Key PointsDoes this explain why lawyers in Washington, DC, and not doctors are deciding how the U.S. health-care system will be run? Which is more important: trust or the almighty dollar?
Does this explain why lawyers in Washington, DC, and not doctors are deciding how the U.S. health-care system will be run? Which is more important: trust or the almighty dollar?
The reason ophthalmologists cannot wait to receive Ophthalmology Times each fortnight is not, as many suppose, the opportunity to read witty and insightful columns from the chief medical editor. In fact, the real motivation is that we love the pursuit of truth and knowledge.
I was reminded of this recently while participating in three separate dinners. During the first dinner, the famous ophthalmologist (and loyal Ophthalmology Times reader) sitting across the table brought up one of his favorite movies.
"Animal House," allegedly based on a certain New England college, portrays the misadventures of a group of fraternity brothers during those formative years when young men mature. The movie begins, as I recall, with an overview of the beautiful campus and shows the quad with the college motto "Knowledge is Good."
The most memorable part of the movie, according to the famous ophthalmologist, occurs when the protagonists return from a road trip to a neighboring college. When a freshman frat brother ("Flounder") laments the damage done to his brother's car, his senior brother offers him the following life lesson: "You screwed up. You trusted us."
Shortly thereafter, I had dinner with a lawyer who represents a famous American company. After having a couple of my delicious margaritas containing a secret ingredient (extra tequila), my dinner guest was in a sharing mood. "Have you ever seen the movie 'Animal House'?" he inquired.
"Yes," I said.
"That movie contains all the life lessons anyone needs to know," he said.
"Really?" I said. "Which is the most important?"
"The most important" said the fabulously successful attorney who works for the extremely well-known corporation, "occurs when the freshman, who becomes Flounder, rushes (applies to join) the fraternity (frat). When his picture comes up, many of the frat brothers boo and throw empty beer cans at the screen. They don't want this goofy guy as a brother. One of the senior frat brothers points out that Flounder is a "legacy," the younger brother of a former member, but the group is still resistant to admitting him. Finally, a senior frat brother makes a point that convinces the rest of the group to allow Flounder to join the fraternity: "We need the dues."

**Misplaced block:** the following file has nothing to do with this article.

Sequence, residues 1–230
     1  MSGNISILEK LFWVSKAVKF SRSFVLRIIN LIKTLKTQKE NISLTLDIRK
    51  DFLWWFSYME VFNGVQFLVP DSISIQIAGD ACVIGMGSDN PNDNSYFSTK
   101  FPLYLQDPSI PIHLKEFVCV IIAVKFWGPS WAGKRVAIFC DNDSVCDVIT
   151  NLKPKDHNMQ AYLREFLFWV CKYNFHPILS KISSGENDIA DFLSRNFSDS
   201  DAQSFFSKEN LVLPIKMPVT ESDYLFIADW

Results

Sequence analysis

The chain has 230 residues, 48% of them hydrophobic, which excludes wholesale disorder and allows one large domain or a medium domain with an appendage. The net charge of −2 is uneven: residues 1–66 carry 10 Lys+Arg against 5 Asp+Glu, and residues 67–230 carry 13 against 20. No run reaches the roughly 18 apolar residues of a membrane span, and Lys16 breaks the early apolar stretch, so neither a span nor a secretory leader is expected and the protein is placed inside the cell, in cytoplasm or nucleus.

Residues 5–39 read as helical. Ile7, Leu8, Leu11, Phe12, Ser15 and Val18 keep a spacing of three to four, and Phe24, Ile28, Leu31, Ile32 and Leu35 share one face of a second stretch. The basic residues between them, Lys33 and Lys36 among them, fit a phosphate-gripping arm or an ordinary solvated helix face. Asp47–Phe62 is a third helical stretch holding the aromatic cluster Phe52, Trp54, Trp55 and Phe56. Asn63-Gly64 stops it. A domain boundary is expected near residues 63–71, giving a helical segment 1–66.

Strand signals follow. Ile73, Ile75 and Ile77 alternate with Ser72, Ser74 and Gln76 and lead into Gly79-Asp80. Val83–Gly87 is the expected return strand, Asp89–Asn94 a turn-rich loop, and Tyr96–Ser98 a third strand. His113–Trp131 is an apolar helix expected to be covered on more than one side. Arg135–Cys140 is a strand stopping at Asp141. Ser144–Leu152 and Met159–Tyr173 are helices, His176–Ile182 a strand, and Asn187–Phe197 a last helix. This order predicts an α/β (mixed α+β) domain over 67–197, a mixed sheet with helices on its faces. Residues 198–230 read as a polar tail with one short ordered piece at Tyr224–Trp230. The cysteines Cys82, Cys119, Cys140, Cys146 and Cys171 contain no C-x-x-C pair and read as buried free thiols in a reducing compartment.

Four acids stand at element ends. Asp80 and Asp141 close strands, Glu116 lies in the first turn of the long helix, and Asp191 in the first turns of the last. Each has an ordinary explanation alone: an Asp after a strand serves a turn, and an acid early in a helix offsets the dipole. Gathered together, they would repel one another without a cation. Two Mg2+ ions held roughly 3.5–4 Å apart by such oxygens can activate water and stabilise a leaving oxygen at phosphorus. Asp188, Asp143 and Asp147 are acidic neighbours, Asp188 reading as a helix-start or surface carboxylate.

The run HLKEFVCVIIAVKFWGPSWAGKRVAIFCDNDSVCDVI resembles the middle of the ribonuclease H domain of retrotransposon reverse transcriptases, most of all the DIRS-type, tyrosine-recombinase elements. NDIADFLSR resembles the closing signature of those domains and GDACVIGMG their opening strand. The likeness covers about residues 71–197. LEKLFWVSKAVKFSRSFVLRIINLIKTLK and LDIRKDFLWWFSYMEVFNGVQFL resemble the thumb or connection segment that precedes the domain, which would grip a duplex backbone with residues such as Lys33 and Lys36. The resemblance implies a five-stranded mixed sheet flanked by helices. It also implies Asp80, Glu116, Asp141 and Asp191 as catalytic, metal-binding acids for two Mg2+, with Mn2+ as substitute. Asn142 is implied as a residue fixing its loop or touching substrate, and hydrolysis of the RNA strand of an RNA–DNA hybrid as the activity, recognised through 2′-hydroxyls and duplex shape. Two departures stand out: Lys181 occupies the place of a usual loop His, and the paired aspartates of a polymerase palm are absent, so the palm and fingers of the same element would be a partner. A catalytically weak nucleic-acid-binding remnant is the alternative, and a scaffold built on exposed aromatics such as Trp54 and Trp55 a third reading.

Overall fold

"That's interesting," I thought.
What did it mean that during two dinners, a few days apart, this same movie was brought up by my dinner companions, but that the key lesson absorbed was so different? Did the fact that the famous ophthalmologist cited the lesson about trust reflect that physicians consider trust, and in particular the sacred doctor-patient relationship, such a key factor of our profession? Did the fact that the extremely successful lawyer cited the lesson about the importance of dues mean that lawyers, unlike physicians, consider finances as the key to life and decision-making? Does this explain why lawyers in Washington, DC, and not doctors are deciding how the U.S. health-care system will be run? Which is more important: trust or the almighty dollar?
Pondering these weighty issues, I found myself seated near a charming dinner companion this evening. Beautiful and intelligent, she was neither a famous ophthalmologist, nor a wealthy attorney, nor, dare I say it, a loyal Ophthalmology Times reader. She, I decided, would be my tie-breaker.
"Have you ever seen a movie called 'Animal House'?" I inquired.
"Yes," she replied.
"What did you think of it?" I asked.
"Pretty funny," was her response.
"What do you see as the key life lesson from that movie?" I asked, waiting with great anticipation for the answer that would settle this key question.
"I don't know," was her response. "I suppose it is 'Don't take yourself too seriously.' "